If you’ve ever had an economics class, you probably have a good understanding of what opportunity cost is. For those of you who don’t, I’ll go ahead and lay it out:
What does that mean? For the context that we’re using it in – it means that resources can only be allocated to one thing. So that by selecting one thing, you forgo an opportunity somewhere else. If Suzie goes to the beach during the week, her opportunity cost is the money she would have made working.
In economics, this is usually related to money and investing. But in life, there’s an opportunity cost for your time. Things that you miss when you invest your time in other places. For me right now, I’m writing a personal blog when I should likely be writing a client blog. My opportunity cost is time I’ll later spend writing that blog where I’ll sacrifice quality time with Kyle in the evening. Well, not really – he’ll be working at the warehouse. So say Netflix and Facebook time. I’m okay with that.
When I was little I didn’t grow up with a ton, since my mom was a single mom. Thankfully my mom is an uber tightwad and was able to somehow give us an incredible amount raising three children on a nurse’s salary. From a material need perspective, we didn’t want for much. We got gifts on our birthdays and good parties and there really wasn’t much else we needed. For my mom that came at the expense of spending time with us. I’m sure she had a lot of guilt over that. Because she was a nurse she worked 12 hour shifts and 7am-7pm – and sacrificed quite of bit of her time with us on those days she was working. She would pick up extra shifts beyond her normal three to make extra money. Her opportunity cost for this was time with her children.
When we’re young, we’re obviously not all raised the same, but whatever message that our parents and teachers engrain in us is pretty much our focus. For those that shaped me, success was important. You did well in school so you could be successful. Success meant wealth. “You have to do well in school so that you can have more.” I dunno if it’s the American dream that designated that we had to do that, or my family’s lack of money or what it was – but that’s what I learned.
But somewhere along the way, maybe when I started having kids, I stopped wanting to work so much. I like money. I like stuff. Who doesn’t? But at what expense?
Kyle was saying to me the other day that true Millennials weigh in their heads if things are worth it. Is the stress of this venture, this job, this opportunity, worth the quality of life that it will now or inevitably cost me? Millennials don’t choose what’s easy, they choose what’s most rewarding.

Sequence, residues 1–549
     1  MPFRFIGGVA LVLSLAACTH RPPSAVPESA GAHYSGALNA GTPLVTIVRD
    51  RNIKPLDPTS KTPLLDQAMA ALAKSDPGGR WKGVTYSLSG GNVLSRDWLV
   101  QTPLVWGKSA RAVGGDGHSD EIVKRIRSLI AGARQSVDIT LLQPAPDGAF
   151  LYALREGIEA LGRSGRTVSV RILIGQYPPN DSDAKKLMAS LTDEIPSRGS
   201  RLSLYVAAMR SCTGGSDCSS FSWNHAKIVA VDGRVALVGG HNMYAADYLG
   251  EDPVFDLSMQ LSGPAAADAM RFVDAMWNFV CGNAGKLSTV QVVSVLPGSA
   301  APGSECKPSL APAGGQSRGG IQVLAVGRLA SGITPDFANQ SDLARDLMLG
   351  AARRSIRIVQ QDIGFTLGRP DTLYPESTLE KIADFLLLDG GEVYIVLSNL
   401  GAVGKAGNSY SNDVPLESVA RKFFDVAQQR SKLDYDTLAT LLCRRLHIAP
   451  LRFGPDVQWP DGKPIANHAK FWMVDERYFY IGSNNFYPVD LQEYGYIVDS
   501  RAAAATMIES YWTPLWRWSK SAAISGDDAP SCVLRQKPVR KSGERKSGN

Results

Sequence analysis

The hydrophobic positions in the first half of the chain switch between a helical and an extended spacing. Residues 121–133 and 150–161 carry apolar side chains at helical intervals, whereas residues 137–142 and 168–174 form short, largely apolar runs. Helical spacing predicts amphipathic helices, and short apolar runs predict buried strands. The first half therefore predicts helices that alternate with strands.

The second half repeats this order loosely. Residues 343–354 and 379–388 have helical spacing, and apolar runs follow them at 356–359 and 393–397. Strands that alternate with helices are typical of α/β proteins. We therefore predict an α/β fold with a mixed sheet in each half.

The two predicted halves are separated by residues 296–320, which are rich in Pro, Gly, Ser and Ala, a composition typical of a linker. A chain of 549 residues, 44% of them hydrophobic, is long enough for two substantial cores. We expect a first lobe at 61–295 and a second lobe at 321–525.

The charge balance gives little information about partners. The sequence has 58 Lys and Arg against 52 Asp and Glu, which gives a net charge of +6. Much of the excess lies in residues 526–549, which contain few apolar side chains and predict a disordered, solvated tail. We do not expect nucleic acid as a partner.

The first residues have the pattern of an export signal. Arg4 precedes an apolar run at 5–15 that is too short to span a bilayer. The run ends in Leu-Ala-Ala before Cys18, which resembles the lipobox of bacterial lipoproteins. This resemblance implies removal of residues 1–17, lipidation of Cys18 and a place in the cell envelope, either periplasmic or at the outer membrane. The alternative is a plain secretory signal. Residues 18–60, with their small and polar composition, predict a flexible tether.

This is why we’re seeing more and more Millennials buy buses and roll out and just travel. Life is short. They know this. Millennials aren’t lazy, they just see through that American dream and know what’s most important to them.
So for me, owning my business was a type of freedom. It was freedom from ridiculous bosses and silly structures that did more harm than good. It was finally doing something I loved with clients that were passionate about their services and products.
But, lately, I get a little stuck when it comes to my business. A prospect in a meeting asked, “Why don’t you guys market yourselves?”
It’s a valid question. Blogs everywhere state that if your agency isn’t doing their own marketing actively, how can they possibly know how to do yours well? Being a super small agency, I’m right on the cusp of making a decision of whether or not to grow the business.
But I’ll never forget that first time I had to let go of an employee because of money. I cried. It’s unprofessional, but I cried. I had taken the opportunity to be with my new baby and the cost of that was not delivering as well for my clients, being less engaged with my employee and not actively marketing my business. So when we lost a few clients (which happens), there was no revenue to replace them with.
It truly was my fault that I had to let her go. My opportunity cost in those few months was my favorite, most incredible employee.
I’m so scared to ever end up there again. But as we get busier and busier, I find that I’m taking the opportunity cost in the reverse. I’m sending my husband out with the kids so I can do some things on the weekends. I’m answering e-mails and taking client calls during T ball practice.
Mom guilt sucks, right? It really does. When you want to be the best mother you possibly can, but you’re being pulled at from all sides. The kids haven’t been feeling their best the last few weeks and it broke my heart every day when they cried as we put them in the car or as I left for a meeting after working from home.
The opportunity cost of a working mother is significant. It’s emotional. It’s so, so guilty.
So, here I am. On this cusp of business growth, making a decision on whether or not to move this business forward or just keep it the same. My opportunity cost of working is already so great.
As mother’s we are so hard on ourselves. But as you move forward and live and start to frame your decision-making, consider this: What is the MOST important thing to you? Of everything?
It doesn’t matter what that is. Figure that out and go for it. Make every decision in support of that goal.
Opportunity cost exists no matter what route you take. But perhaps the most important thing is to not linger on what the lost opportunity was, by choosing the one thing that you won’t regret choosing, because for you – it’s the greatest opportunity.